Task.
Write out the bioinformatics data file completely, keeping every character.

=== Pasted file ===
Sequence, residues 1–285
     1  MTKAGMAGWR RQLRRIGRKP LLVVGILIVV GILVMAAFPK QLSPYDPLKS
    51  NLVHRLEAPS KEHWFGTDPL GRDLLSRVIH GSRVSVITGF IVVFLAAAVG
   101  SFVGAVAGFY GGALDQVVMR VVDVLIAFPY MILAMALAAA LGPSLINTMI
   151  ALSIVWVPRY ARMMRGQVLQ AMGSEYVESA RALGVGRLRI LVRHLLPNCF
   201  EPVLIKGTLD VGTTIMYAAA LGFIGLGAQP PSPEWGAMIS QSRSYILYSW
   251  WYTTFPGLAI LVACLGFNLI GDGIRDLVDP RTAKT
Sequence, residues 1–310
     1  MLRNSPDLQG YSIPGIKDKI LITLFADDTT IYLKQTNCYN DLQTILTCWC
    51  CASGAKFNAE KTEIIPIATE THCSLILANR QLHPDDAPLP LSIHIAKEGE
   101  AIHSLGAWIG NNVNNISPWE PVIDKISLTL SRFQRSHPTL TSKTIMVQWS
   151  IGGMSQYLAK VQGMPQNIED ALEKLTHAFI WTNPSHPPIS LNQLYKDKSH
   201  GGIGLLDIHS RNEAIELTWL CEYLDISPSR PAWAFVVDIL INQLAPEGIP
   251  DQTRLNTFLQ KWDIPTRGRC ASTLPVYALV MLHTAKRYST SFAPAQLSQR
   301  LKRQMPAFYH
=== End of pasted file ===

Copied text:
Sequence, residues 1–285
     1  MTKAGMAGWR RQLRRIGRKP LLVVGILIVV GILVMAAFPK QLSPYDPLKS
    51  NLVHRLEAPS KEHWFGTDPL GRDLLSRVIH GSRVSVITGF IVVFLAAAVG
   101  SFVGAVAGFY GGALDQVVMR VVDVLIAFPY MILAMALAAA LGPSLINTMI
   151  ALSIVWVPRY ARMMRGQVLQ AMGSEYVESA RALGVGRLRI LVRHLLPNCF
   201  EPVLIKGTLD VGTTIMYAAA LGFIGLGAQP PSPEWGAMIS QSRSYILYSW
   251  WYTTFPGLAI LVACLGFNLI GDGIRDLVDP RTAKT
Sequence, residues 1–310
     1  MLRNSPDLQG YSIPGIKDKI LITLFADDTT IYLKQTNCYN DLQTILTCWC
    51  CASGAKFNAE KTEIIPIATE THCSLILANR QLHPDDAPLP LSIHIAKEGE
   101  AIHSLGAWIG NNVNNISPWE PVIDKISLTL SRFQRSHPTL TSKTIMVQWS
   151  IGGMSQYLAK VQGMPQNIED ALEKLTHAFI WTNPSHPPIS LNQLYKDKSH
   201  GGIGLLDIHS RNEAIELTWL CEYLDISPSR PAWAFVVDIL INQLAPEGIP
   251  DQTRLNTFLQ KWDIPTRGRC ASTLPVYALV MLHTAKRYST SFAPAQLSQR
   301  LKRQMPAFYH